by Stefan Stenudd


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Yin and Yang

Yin and Yang. Brush art by Stefan Stenudd.

The Polar Opposites of Ancient Chinese Cosmology


In I Ching, the ceaseless change is caused by the dynamics between yin and yang, the polar opposites of ancient Chinese cosmology. Yang stands for heaven and Yin for earth. Light and dark, warm and cold, and so on. Anything in the universe bascially consists of these opposites, and the balance or imbalance between them.



       Yin and Yang originally refer to the shady side and the sunny side, like on a tree: One side of its trunk faces the south and most of the sunlight, whereas the opposite side faces the north and is mostly in the shadow. That may have been the very first polarity observed by those Chinese thinkers, long ago, who came up with the idea.

       If so, that can also explain the principle that neither Yin nor Yang is ever in a completely pure state. There's always some Yin in Yang and vice versa, like the trunk of a tree gets some light also on the north side and occasional shade on its south.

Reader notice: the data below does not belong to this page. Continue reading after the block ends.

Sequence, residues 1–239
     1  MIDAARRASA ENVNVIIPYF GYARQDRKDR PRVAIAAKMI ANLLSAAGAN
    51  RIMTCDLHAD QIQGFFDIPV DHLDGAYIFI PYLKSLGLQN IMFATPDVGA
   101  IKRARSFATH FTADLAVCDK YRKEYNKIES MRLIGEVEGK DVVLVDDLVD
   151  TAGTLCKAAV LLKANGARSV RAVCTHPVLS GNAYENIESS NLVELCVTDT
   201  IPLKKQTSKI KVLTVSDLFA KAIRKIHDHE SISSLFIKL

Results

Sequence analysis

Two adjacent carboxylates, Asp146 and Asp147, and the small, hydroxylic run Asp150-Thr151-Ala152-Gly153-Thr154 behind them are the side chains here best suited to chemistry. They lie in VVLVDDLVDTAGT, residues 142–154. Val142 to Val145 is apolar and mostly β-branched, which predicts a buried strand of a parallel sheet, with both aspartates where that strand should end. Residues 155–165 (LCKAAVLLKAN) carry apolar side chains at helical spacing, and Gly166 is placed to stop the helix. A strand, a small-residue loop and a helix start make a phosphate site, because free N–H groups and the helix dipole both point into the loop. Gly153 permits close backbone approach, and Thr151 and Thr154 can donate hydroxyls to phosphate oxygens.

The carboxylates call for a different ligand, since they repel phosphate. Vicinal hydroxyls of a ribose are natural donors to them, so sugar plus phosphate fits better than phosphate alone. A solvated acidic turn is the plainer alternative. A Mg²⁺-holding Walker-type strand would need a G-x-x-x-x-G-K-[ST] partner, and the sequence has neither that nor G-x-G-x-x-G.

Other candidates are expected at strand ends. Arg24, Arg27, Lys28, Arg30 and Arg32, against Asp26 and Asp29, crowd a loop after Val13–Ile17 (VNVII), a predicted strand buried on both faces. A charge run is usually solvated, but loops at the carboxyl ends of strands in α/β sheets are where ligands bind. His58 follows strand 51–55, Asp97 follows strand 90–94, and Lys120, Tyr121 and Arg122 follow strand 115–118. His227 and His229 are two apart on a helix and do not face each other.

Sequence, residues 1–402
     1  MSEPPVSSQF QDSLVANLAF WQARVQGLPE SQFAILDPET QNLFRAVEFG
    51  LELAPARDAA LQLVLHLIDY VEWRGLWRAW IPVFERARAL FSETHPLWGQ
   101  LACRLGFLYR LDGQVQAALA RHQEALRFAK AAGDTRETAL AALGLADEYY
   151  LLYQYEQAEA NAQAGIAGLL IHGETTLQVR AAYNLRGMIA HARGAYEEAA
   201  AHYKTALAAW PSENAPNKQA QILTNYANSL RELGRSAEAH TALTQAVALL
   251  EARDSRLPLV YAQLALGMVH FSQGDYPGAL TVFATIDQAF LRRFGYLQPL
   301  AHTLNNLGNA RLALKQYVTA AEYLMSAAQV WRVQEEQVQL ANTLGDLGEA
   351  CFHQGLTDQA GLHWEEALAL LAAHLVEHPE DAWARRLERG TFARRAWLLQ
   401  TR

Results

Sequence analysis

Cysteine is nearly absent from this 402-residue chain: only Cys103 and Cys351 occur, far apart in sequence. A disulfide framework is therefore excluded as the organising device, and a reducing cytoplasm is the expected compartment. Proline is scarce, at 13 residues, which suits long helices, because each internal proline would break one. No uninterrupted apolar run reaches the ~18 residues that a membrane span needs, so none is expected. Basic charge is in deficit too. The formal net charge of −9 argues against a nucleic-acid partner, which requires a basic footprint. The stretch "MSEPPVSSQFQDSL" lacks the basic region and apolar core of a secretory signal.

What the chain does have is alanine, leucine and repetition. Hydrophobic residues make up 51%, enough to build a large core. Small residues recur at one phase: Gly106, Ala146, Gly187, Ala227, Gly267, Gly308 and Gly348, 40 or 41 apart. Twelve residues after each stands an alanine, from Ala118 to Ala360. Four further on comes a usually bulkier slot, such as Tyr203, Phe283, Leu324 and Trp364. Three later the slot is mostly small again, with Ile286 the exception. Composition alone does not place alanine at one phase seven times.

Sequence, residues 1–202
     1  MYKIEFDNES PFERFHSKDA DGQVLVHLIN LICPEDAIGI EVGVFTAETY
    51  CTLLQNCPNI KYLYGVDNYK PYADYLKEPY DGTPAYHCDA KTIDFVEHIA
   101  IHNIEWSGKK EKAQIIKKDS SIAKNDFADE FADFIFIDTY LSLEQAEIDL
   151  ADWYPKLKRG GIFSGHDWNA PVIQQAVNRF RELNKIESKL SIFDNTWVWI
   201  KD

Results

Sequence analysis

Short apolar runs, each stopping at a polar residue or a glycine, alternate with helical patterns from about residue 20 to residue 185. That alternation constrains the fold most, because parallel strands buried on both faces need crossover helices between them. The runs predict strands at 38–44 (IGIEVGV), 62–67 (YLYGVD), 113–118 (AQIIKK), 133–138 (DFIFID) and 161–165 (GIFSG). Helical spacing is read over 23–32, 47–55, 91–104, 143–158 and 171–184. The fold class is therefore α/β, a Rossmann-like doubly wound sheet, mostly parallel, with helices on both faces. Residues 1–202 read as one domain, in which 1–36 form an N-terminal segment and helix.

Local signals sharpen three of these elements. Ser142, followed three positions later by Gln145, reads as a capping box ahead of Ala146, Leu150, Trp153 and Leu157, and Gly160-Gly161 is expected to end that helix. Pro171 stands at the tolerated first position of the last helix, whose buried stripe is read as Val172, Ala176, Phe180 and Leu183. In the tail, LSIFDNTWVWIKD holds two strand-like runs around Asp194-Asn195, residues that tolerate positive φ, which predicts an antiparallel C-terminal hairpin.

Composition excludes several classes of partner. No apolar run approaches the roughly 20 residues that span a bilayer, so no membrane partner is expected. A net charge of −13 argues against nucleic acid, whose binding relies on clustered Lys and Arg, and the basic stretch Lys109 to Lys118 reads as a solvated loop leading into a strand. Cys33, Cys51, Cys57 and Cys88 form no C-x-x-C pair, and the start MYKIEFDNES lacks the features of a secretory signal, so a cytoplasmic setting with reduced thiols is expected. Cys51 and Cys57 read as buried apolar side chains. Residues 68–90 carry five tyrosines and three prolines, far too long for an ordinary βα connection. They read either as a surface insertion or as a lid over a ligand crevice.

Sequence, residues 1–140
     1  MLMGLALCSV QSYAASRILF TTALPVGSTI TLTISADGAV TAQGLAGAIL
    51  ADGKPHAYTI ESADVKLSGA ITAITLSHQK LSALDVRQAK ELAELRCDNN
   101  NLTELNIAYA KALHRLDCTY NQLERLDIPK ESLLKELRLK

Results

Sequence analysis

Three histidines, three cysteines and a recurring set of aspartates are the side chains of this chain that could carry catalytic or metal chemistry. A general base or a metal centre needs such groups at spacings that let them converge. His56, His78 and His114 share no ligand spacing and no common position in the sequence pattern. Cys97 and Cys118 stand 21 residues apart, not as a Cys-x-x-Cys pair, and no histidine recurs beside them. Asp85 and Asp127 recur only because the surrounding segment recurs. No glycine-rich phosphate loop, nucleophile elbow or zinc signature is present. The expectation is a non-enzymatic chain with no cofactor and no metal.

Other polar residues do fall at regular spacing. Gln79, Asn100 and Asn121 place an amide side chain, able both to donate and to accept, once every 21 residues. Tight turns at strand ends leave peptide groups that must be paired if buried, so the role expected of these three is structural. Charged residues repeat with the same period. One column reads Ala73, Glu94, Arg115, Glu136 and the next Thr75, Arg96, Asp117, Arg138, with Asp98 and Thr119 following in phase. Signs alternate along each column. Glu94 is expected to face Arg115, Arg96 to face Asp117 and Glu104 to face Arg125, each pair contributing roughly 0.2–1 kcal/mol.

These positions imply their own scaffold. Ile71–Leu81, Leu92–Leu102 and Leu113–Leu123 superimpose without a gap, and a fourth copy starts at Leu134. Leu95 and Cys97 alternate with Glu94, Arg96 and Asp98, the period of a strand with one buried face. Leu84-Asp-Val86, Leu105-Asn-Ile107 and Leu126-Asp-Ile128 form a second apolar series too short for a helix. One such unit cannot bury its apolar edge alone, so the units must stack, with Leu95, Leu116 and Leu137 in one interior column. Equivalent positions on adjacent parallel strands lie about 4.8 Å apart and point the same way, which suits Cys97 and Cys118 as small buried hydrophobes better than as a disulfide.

The famous image symbolizing Yin and Yang shows it by the white dot in the black field and the black one in the white field, as can be seen on the image above (a drawing I made long ago with brush and ink, in the Eastern fashion).

       This image is called T'ai chi (or Taiji), The Supreme Ultimate. The grand name is because the symbol shows the inner workings of everything in the cosmos - the dynamics between Yin and Yang.

       In I Ching, Yin and Yang are represented in a very basic way, by a line that's either solid or broken. The solid line represents Yang, and the broken one Yin:


Yang line.
Yang line.


Yin line.
Yin line.


       These are combined into eight trigrams (three lines each), which are then combined into the 64 possible hexagrams. Here are the eight trigrams:


The eight trigrams.
The eight trigrams.

More about the trigrams here.







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YIN and YANG

The basic polar opposites of the I Ching explained.


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Stefan Stenudd, author of fiction and non-fiction.

Stefan Stenudd


About Me
I'm a Swedish author and aikido instructor. In addition to fiction, I've written books about Taoism as well as other East Asian traditions. I'm also a historian of ideas, researching ancient thought and mythology. Click the image to get to my personal website.